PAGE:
November 15, 2008


Mr. Rickey And The Game (Gerald Holland, 3/07/55, Sports Illustrated)

The luncheon order given, Rickey excused himself and made a brief telephone call at the headwaiter's desk. Returning to the table, he sat down and began to speak of pitchers.

"The greatest pitchers I have ever seen," he said, "were Christy Mathewson and Jerome Dean."

( Rickey likes to address a man by his proper given name. He is especially fond of referring to Dizzy Dean as "Jerome.")

" Mathewson ," Rickey continued, "could throw every pitch in the book. But he was economical. If he saw that he could win a game with three kinds of pitches, he would use only three. Jerome, on the other hand, had a tendency to run in the direction of experimentation. Murry Dickson (formerly of the Pirates , now of the Phillies) has a fine assortment of pitches, but he feels an obligation to run through his entire repertory in every game."

The food had arrived and Rickey picked up knife and fork and, eying Mrs. Rickey closely, began to speak more rapidly.

"Yes," he said loudly, "Murry is the sort of pitcher who will go along splendidly until the eighth inning and then apparently say to himself: 'Oh, dear me, I have forgotten to throw my half-speed ball!' And then and there he will throw it."

Abruptly, Rickey made a lightning thrust with his fork in the direction of a pan-browned potato on the platter. Mrs. Rickey , alert for just such a stratagem, met the thrust with her own fork and they fenced for a few seconds in mid-air.

"Jane!" pleaded Rickey , abandoning the duel.

Mrs. Rickey deposited the potato on her own plate and passed over a small dish of broccoli.

"This will be better for you," she said quietly. "You know you're not to have potatoes."

Rickey grumbled: "I am weary of this diet. It is a cruel and inhuman thing."

"Eat the broccoli," Mrs. Rickey said.

"Jane," said Rickey , "there are times in a man's life when he wants above everything else in the world to have a potato."

"You get plenty to eat," said Mrs. Rickey . "Didn't you enjoy the meat patty at breakfast?"

Rickey shrugged his shoulders, conceding the point, and attacked his roast beef and broccoli with gusto.

"The subject of my retirement comes up from time to time," he said. "And to the direct question, 'When will you retire from baseball?' my answer is, 'Never!' But I qualify that. Now, I do foresee the day, likely next year, when I shall spend less time at my desk, at my office. I shall spend more time in the field, scouting, looking at prospects, and leave the arduous responsibilities of the general manager's position to other hands."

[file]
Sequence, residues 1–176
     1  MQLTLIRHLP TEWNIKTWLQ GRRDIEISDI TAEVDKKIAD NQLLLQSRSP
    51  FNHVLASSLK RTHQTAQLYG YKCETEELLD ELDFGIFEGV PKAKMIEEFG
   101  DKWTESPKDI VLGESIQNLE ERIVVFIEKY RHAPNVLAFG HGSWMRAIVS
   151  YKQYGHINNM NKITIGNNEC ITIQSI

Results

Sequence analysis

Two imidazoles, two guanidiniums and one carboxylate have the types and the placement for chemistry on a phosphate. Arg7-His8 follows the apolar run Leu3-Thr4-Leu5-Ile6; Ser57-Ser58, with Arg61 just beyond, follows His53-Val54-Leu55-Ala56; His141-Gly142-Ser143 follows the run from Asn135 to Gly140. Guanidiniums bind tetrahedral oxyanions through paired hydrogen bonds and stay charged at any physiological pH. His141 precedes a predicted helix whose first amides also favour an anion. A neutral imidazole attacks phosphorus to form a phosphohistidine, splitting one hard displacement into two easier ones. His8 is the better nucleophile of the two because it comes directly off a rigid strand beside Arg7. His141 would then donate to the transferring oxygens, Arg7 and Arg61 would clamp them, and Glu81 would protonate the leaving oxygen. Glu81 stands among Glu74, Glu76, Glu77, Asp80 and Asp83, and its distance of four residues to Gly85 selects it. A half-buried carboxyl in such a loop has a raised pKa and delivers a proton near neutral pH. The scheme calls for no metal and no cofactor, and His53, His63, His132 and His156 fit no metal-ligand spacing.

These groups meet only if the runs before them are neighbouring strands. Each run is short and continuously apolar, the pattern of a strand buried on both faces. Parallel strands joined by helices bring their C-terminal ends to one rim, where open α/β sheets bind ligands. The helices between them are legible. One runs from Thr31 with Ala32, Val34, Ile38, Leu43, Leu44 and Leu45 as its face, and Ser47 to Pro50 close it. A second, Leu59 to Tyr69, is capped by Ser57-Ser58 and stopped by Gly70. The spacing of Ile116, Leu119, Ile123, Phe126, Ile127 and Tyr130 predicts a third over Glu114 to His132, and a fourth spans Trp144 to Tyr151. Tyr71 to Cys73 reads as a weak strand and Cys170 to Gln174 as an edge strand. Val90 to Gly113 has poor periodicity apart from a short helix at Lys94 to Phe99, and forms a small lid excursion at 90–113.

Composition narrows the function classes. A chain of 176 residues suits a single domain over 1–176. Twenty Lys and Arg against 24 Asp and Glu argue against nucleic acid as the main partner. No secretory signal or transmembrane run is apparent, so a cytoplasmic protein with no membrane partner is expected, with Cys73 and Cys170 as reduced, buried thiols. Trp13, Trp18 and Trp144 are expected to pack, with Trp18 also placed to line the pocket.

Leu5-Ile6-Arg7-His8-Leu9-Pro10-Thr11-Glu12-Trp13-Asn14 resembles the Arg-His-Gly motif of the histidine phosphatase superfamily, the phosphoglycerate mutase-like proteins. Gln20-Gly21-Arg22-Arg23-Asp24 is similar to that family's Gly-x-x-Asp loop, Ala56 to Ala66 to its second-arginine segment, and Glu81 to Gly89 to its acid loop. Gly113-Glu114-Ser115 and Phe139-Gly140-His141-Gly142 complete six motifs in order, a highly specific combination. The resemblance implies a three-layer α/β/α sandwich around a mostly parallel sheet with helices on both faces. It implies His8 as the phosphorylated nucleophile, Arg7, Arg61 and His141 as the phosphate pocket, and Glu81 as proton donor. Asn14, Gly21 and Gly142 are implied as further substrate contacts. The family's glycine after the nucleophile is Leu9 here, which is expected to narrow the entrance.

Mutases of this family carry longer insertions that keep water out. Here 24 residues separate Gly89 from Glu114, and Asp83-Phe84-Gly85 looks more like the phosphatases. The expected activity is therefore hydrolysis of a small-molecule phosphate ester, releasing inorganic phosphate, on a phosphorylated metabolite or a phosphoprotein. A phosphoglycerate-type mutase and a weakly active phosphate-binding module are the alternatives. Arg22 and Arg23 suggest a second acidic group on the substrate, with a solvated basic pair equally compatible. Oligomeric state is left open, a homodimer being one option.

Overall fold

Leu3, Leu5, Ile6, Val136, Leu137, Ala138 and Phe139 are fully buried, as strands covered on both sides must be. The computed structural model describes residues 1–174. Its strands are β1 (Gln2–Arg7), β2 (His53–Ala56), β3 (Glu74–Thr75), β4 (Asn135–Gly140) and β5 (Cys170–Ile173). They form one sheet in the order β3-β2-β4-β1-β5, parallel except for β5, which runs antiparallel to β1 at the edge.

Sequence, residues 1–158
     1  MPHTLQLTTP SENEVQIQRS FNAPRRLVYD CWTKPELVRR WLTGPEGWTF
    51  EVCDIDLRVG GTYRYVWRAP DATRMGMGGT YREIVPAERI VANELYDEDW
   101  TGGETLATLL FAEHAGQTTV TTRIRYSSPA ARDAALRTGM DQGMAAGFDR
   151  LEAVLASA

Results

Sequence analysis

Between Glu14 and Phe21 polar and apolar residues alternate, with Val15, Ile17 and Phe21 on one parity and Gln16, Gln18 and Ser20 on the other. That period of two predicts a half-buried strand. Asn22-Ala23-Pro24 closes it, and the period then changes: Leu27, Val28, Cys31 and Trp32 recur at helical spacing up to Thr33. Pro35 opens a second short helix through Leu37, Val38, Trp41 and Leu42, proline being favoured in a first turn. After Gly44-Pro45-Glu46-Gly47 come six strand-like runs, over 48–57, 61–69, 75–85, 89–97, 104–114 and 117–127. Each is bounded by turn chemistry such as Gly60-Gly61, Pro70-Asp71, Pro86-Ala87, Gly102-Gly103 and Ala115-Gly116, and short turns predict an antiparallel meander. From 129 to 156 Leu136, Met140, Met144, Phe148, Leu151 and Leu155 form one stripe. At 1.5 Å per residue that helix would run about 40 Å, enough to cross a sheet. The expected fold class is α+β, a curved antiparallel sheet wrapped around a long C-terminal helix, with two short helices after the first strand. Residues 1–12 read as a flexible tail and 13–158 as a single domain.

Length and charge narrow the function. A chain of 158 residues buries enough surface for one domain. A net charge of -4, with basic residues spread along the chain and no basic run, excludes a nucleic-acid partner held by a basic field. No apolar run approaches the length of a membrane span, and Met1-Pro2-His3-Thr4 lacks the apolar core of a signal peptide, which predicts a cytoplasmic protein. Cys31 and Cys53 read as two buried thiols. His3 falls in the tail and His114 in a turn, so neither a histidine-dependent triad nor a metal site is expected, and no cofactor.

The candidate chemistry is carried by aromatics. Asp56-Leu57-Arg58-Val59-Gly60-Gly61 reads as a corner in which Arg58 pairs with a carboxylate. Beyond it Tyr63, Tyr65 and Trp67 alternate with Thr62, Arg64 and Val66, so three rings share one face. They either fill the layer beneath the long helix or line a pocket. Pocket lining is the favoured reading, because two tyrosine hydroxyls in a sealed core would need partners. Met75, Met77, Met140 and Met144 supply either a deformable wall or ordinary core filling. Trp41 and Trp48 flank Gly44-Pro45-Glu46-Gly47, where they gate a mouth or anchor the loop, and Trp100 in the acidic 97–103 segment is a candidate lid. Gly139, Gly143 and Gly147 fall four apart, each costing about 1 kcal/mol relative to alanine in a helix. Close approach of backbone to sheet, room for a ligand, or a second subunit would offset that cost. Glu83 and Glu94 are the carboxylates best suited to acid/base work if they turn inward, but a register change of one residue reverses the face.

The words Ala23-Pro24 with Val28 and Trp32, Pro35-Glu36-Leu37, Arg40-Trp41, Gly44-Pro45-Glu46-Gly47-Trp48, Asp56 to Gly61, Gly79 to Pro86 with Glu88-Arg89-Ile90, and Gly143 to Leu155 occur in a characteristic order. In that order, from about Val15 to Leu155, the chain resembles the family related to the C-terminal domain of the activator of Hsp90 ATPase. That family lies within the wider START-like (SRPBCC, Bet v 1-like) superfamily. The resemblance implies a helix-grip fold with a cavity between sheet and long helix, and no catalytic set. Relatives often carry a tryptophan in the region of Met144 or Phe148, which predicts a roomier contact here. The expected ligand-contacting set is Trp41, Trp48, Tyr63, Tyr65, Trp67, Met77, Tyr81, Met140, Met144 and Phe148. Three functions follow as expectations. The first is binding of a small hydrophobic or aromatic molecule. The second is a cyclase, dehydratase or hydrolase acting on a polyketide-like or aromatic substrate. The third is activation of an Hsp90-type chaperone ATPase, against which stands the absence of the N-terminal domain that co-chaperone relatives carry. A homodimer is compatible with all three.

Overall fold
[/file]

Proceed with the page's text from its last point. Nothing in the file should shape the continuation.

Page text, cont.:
He looked admiringly at the baked apple before him. He put his hand on the pitcher of rich cream beside it and glanced inquiringly across the table. This time the veto was not invoked and, happily, Rickey drained the pitcher over his dessert.

After he had dropped a saccharin tablet in his coffee, he leaned back and smiled at Mrs. Rickey. Then he leaned forward again and rubbed his chin, seeming to debate something with himself. He grasped the sides of the table and spoke with the air of a conspirator.

"Here is something I intend to do," he said. "My next thing. A completely new idea in spring training."

He arranged the silverware to illustrate the story.

"A permanent training camp, designed and built for that purpose. Twin motels—not hotels, motels—with four playing fields in between as a sort of quadrangle. A public address system. Especially designed press accommodations. Now. One motel would be occupied by the Pittsburgh club, the other by an American League club. They would play a series of exhibition games and would draw better than two teams from the same league. Everything that went into the camp would be the result of our experience with training camps all through the years. It would be foolproof. And it would pay for itself because it would be operated for tourists after spring training. I have the land. At Fort Myers , Florida , the finest training site in the country for my money. I have an American League Club ready to go along with me. I have two thirds of the financial backing necessary."


Rickey leaned back in triumph, then came forward quickly again.

"Everybody concerned is ready to put up the cash now," he whispered, "except me!"

He paused for effect, then suddenly realized he had not said exactly what he intended. He burst into laughter.

"Sh-h-h," said Mrs. Rickey .

"What I mean," he said, sobering, "is that I can't go along with the plan until we have a contending ball club. But we'll get there. We'll put over this thing. It will revolutionize spring training."

It was time to get back to the office. Rickey was for sprinting down the stairs to the first floor, but Mrs. Rickey reminded him of his trick knee.

"Ah, yes, Mother," he said. "We will take the elevator."

On the street outside, Rickey remembered he had sent his car home.

"We'll get a cab down at the corner," he said. "I've got a meeting at the office. Where can I drop you, Mother?"

"Well," said Mrs. Rickey , "I thought I'd go look at some lamps."

"Oh, yes," Rickey exclaimed. "Go to that store I showed you. Mother, I understand they have the largest selection of lamps in town."

Mrs. Rickey looked at him and shook her head and smiled.

Rickey , already thinking of something else, studied the sidewalk. He raised his head and spoke firmly over the traffic.

"The game of baseball," he said, "has given me a life of joy. I would not have exchanged it for any other."

He took Mrs. Rickey by the arm. They turned and walked down the street together and vanished into the crowd.

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Posted by Orrin Judd at November 15, 2008 6:00 AM
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